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  • Metaphors in Our Mouths: The Silencing of the Psychiatric Patient
  • K. Steslow (bio)

When she had reached the top of the stairs and had opened the door to her room and walked in, she could no longer pretend; she shrugged away the commonplace Yes No I see I understand, she cried, No, No, No, I’m a migratory bird.

—Janet FrameTowards Another Summer

A patient who turns up on a psychiatric ward on the more vulnerable side of the health care relationship often exhibits more distress than she might in less intimidating circumstances, and psychiatrists have learned to pay attention to how the health care situation affects their patients. But they have been slow to turn a reflexive gaze on their descriptive practices—particularly on their habit of judging their own descriptions of their patients’ experiences to be more accurate than their patients’. Psychiatrists have developed a powerful vocabulary to render their patients’ experiences medically intelligible and to carry out treatment, and its prevalence in psychiatric clinics is to be expected. But when those who speak this language assert its epistemic supremacy, much of its healing power is lost in a wake of alienation, disempowerment, and silencing. The patient loses her ability to speak with authority except to the extent that her language conforms to the standard medical discourse.

Such was my experience over the course of an involuntary detention at two institutions. I wanted very badly to get out, but I understood the grounds for my detainment and had no real argument against the decision to commit me. What I found distressing—what threatened to erode any composure I could manage in hospital—was not the involuntary commitment, but rather the distinct feeling of being unheard. Everything I said or did was taken to be a product of my illness and categorized accordingly. I had questions and worries and thoughts and even a good deal of imagination, but I was cut off from all meaningful conversation by the veil of my diagnosis, through which my speech and behaviors passed before doctors and nurses heard, saw, and interpreted them. There was a clear and distinct vocabulary being used to talk about my experience, and that vocabulary was not mine. But by adopting it, I began to regain some standing as a speaker worth listening to; I was then judged to exhibit that peculiarly esteemed quality psychiatrists call insight. This meant, in effect, learning to see and speak about myself and my condition as my doctors and nurses saw and spoke about them, forsaking the uniqueness of my own perspective, understanding, and expression.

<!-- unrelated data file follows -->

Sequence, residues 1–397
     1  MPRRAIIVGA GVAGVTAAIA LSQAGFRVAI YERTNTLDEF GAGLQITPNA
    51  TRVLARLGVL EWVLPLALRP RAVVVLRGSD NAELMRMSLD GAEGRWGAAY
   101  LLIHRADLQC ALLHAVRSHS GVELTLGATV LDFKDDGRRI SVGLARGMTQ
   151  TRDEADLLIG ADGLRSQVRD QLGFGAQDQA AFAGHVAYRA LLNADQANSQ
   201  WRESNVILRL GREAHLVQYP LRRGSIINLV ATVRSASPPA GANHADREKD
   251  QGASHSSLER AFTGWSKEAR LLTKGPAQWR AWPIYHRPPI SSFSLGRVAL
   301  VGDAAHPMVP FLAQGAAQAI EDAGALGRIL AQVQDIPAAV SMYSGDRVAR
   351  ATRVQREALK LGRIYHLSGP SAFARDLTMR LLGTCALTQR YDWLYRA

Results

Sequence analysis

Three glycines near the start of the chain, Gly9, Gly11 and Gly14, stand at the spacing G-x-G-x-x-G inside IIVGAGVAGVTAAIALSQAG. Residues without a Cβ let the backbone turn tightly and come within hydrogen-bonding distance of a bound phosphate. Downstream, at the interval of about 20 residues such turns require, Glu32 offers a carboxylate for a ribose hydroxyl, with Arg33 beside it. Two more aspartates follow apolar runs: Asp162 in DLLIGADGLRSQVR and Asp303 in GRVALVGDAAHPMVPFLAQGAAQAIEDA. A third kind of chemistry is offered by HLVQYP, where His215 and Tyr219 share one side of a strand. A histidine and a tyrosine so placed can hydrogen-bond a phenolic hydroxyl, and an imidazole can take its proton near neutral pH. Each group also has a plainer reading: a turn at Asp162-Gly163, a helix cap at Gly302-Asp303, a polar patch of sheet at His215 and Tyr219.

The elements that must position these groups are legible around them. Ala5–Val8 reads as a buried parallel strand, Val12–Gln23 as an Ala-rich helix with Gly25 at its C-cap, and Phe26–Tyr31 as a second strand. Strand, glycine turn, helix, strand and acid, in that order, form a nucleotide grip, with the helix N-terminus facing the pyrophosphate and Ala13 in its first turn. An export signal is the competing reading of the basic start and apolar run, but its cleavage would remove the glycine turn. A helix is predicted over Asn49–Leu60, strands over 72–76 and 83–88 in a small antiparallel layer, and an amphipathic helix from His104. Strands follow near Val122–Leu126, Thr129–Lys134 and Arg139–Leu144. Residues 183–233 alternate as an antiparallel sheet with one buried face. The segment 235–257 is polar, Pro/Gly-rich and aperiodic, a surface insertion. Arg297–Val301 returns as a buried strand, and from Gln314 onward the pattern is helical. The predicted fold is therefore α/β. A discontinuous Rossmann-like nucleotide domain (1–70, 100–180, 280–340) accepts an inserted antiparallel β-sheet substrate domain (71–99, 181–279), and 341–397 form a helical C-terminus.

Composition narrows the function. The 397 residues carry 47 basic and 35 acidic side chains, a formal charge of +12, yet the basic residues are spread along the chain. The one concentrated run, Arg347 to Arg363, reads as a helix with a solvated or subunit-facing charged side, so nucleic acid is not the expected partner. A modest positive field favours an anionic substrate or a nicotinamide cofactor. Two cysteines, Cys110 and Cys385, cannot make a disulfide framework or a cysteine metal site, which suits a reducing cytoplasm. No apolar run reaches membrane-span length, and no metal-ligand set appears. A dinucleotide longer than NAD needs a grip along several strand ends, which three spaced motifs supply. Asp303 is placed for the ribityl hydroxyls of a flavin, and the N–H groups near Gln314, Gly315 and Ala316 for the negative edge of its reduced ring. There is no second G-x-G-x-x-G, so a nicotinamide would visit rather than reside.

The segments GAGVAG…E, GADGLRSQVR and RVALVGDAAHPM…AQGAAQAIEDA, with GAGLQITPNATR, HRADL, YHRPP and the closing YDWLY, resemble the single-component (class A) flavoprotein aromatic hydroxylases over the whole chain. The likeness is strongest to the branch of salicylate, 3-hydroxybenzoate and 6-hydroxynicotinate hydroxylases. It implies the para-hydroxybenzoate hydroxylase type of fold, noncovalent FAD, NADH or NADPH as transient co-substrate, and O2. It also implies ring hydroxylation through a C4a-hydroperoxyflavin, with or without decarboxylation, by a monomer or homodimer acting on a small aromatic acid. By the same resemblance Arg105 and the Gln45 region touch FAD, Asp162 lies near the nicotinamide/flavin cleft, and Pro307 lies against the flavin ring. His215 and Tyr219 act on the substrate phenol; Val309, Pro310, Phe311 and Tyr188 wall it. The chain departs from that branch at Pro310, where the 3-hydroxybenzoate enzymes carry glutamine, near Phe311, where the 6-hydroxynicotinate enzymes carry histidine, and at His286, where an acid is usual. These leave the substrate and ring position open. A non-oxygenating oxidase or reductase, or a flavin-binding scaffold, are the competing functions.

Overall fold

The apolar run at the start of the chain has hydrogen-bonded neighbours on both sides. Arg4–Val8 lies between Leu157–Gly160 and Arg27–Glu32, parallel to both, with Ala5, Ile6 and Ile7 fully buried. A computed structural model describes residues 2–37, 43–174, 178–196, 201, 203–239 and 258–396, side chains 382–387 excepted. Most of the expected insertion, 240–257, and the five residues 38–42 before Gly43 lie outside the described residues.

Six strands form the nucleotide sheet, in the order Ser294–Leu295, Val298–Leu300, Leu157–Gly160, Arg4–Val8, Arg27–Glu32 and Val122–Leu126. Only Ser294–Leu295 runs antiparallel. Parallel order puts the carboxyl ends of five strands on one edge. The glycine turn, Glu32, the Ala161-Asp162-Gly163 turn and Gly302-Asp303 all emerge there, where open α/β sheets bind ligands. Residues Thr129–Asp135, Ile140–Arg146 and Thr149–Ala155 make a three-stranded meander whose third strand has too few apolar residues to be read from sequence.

I denied suicidal ideation, talked about creating support systems outside the hospital, swallowed SSRIs, discussed setting and meeting goals and making progress in therapy, assured authorities I would comply with my treatment. All the while, a gulf widened between the self I was able to be outside the hospital and the self I had to present inside. I spoke as I knew I had to in order to be heard, aware of the dishonesty that saturated every obeisance and distressed that I was losing a sense of wholeness, splitting apart the young woman whose religious and existential crises had precipitated a desperate self-assault and the young woman who pretended that group therapy was interesting and helpful in order to move a notch further toward her discharge.

The philosopher Naomi Scheman writes that “those in subordinated, marginalized, or closeted social locations” learn that, in order to be taken seriously, they must adopt “the privileged ‘view from nowhere,’” speaking as if they were outside themselves.1 This silencing effect should worry us both because it contributes to the marginalization of unique voices and because a person’s recovery from mental illness depends so critically on an ability to reestablish a functioning self, engaged authoritatively with the aspects of the person’s life that are most meaningful. In compelling psychiatric patients to adopt a “view from nowhere,” practitioners pressure them to become alien to themselves and may end by creating minds more fragmented in perceiving and speaking than those that first turned up for help.

Provisional Truths

As a picture of a patient’s experience, a psychiatric diagnosis and...


Additional Information

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pp. 30-33
Launched on MUSE
Open Access
Archive Status
Archived 2012
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